06 – Directive

Atara’s eyes opened wide, forced out of her nocturnal delusions by an incessant pinging in her ears. Her first sight was of a lumigraph between her face and the room lit by the warm morning light, and it read, “Incoming transmission: Armada Admiral Harianan Aesho.” The captain left her comfortable position lying on her side beneath the blankets and rolled over, sitting up with the covers held over her body by her left arm. The lumigraph followed her as she moved, and Atara pressed a finger to it.

     “Admiral?” Atara asked when the communication began. Her groggy speech betrayed her recent awakening.

     “Good morning, captain,” Aesho said through the lumigraph in her usual shrewd tone. “Let’s skip the formalities. I need you to report to the nearest secure Q-comms facility immediately.”

     “Xannissa and I are on vacation,” Atara told her. “Can this wait?”

     “If this could wait, I wouldn’t be calling you first thing in the morning,” Aesho barked. “Your leave does not exempt you from the duties of your service. Now, I’m giving you the location of the nearest Q-comms center. Looks like it’s the FedSec headquarters about seven kilometers away. I expect a call within the hour. Aesho out.”

     The video feed on the lumigraph disappeared. A few seconds later, she received a notification which, upon opening, gave the Q-comms address Atara was to contact.

     Atara sighed. “Damn it!” she shouted as she hurled the covers away from her, revealing her naked body. Fuming, and as much as it would have calmed her down, she decided to avoid taking a shower for the sake of time. Instead, she stepped into the shield-scrubber and in less than a minute was pristine from scalp to sole. After cleaning her teeth and fixing her hair, Atara left the bathroom and returned to the bedroom, only to realize that Xannissa never came to bed. After putting on her boots and clothing herself in standard, she entered the living room and found Xannissa laid out upon the couch still in her bodysuit—the sunlight piercing the morning haze and shining on her white polyalloy.

     “Xann,” Atara said, leaning over and rocking Xannissa’s hip. “Xann, wake up.” The Elestan’s eyes cracked open.

     “What time is it?” Xannissa asked with a groggy voice. She put her hands on her face and stretched her back and arms.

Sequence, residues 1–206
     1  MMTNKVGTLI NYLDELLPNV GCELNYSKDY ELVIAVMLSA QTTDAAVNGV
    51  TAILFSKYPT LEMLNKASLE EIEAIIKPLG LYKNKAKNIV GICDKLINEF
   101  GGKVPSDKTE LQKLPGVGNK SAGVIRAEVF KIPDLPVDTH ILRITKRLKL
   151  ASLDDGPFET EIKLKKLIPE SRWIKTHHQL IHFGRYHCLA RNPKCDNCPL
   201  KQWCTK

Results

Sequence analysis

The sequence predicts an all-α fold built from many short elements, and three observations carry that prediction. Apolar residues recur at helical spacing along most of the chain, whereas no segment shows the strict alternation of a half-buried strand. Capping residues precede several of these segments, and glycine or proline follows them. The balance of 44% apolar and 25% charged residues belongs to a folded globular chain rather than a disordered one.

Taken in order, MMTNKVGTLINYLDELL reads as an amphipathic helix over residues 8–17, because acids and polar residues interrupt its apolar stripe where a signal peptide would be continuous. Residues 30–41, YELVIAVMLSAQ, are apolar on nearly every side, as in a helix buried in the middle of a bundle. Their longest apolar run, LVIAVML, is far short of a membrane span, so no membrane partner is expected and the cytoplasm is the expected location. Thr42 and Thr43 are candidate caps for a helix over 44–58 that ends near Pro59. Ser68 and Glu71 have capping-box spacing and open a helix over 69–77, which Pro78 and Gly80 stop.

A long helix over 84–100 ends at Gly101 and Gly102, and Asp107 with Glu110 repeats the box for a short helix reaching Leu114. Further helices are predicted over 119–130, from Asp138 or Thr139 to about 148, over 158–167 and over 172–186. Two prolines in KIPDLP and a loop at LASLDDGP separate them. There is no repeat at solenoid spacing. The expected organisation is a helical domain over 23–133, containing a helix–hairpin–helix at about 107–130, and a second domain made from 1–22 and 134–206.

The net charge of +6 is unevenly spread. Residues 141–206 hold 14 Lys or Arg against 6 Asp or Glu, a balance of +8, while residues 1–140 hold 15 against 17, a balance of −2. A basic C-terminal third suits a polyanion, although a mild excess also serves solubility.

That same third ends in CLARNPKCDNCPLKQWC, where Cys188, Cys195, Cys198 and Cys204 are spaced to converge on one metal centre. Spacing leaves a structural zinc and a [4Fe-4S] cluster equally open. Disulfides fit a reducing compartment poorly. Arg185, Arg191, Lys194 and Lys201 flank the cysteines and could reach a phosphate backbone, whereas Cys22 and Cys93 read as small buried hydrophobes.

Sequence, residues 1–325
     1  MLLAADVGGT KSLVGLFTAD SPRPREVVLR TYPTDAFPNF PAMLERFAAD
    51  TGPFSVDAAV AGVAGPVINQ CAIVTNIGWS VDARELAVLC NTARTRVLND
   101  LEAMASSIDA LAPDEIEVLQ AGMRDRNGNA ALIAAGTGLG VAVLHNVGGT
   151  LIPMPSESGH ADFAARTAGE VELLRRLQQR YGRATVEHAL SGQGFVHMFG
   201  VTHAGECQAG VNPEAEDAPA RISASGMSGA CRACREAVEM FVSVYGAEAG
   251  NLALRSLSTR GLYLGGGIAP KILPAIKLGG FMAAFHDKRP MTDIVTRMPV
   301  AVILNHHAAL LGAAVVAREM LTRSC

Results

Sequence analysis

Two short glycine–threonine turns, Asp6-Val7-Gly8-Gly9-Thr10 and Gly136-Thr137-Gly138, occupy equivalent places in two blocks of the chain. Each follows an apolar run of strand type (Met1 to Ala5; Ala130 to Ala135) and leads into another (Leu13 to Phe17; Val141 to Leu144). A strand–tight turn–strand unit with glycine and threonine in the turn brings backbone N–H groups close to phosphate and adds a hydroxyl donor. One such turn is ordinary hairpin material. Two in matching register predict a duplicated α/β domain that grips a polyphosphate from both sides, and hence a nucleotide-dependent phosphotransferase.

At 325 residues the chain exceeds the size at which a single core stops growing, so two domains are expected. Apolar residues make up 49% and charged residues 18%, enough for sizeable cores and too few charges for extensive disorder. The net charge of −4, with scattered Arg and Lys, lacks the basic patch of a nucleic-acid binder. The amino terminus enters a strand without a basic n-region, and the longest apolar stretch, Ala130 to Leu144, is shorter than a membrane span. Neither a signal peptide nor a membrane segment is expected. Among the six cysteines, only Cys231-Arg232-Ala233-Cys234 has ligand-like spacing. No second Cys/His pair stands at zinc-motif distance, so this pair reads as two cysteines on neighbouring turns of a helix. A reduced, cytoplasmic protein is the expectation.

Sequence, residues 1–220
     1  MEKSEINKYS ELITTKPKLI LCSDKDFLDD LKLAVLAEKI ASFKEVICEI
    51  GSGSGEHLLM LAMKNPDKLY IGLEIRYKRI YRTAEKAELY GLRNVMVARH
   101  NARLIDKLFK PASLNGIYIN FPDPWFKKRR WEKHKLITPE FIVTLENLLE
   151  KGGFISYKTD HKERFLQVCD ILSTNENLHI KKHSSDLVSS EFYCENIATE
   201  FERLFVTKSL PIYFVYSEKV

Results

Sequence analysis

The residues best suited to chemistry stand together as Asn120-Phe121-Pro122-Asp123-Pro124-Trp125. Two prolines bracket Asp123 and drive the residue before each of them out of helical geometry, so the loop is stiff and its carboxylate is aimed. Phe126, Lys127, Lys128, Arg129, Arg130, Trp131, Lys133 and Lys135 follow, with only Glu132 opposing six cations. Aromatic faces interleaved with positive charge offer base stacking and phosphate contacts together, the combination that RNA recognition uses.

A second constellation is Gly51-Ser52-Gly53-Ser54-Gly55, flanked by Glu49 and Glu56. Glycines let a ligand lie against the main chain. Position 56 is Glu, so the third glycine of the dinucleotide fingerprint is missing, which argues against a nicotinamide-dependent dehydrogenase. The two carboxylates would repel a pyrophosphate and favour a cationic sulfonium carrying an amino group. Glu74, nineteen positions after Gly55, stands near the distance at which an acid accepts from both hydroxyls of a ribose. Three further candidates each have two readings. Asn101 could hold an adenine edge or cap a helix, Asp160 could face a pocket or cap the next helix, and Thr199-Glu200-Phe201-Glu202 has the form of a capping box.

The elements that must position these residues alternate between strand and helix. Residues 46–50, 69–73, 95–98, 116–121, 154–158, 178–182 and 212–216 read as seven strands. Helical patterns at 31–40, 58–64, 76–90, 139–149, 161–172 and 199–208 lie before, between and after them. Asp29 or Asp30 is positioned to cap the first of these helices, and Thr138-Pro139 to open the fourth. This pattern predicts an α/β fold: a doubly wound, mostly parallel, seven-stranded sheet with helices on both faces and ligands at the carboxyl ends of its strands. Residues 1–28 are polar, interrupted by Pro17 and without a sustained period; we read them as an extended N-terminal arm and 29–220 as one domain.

“Seven after six,” Atara told her. Xannissa rose from the couch, yawning. “Aesho called me a few minutes ago. She wants us to contact her on Q-comms.”

     “Is it important?” The Elestan was still coming to her senses.


     “Damn. Let me clean up first.”

     The exterior of the Federation Security Agency headquarters was a far cry from the posh crowd that lingered at the hotel. Federal police stood guard within and without, wearing dark, navy blue Accellus 3 marked with checker patterns. Their identities were masked by the black OPEL panels on their helmets. When Atara and Xannissa passed through FedSec’s entrance from the tower’s garage and transport hub, the guards stopped them at a security checkpoint. Despite their clear Military attire, the police granted them no exception. The two friends underwent a quick yet thorough scan before they were allowed to pass into the wide main corridor which featured a tall ceiling overlooked by offices with windows for walls. Professionally-dressed agents and officials who occupied offices within the government building hurried down the long stretch and the intersecting hallways. At the other end of the corridor sat a busy, curved reception desk with the meters-wide FedSec emblem behind.

     “I don’t understand,” Xannissa thought to Atara as they approached the desk. “We’re walking weapons,” referring to the security check.

     “I don’t think they understand either,” Atara told her.

     Three others stood ahead of the two. When it became their turn for assistance, the receptionist took a call. Displeased, Atara leaned against the tall, dark stone table, supporting herself with her elbows and meshing her fingers together. Xannissa placed one hand on her hip and rested the other arm on the desk as her restless eyes darted from people, to lumionics, to a live news stream—one of four playing within the lobby encapsulating the reception area.

     “We’re finally hearing about an attack that took place aboard a science station in neighboring Tribesson,” the anchorman reported, flanked by a picture subtitled with the story’s headline, “SCIENCE STATION RAID.” The anchorman was then replaced by a map of the Federation-Tribesson border.

     “The raid occurred a week from yesterday in an unpopulated system about two-hundred lightyears fringeward of Federation Space. The small Akkain Technologies facility housed over five-hundred Federation citizens, mostly scientists, leading up to the assault by marauders whose identities are still unknown. Passing Navy vessels were quick to respond to the attack, instrumental in preventing further tragedy. The motivation behind the raid is not yet known.” The anchorman appeared again, and the headline next to him changed. “The meeting of the Transthalassic Accord between the Federation and Republic and their respective protectorates begins tomorrow, marking the bicentennial of the….”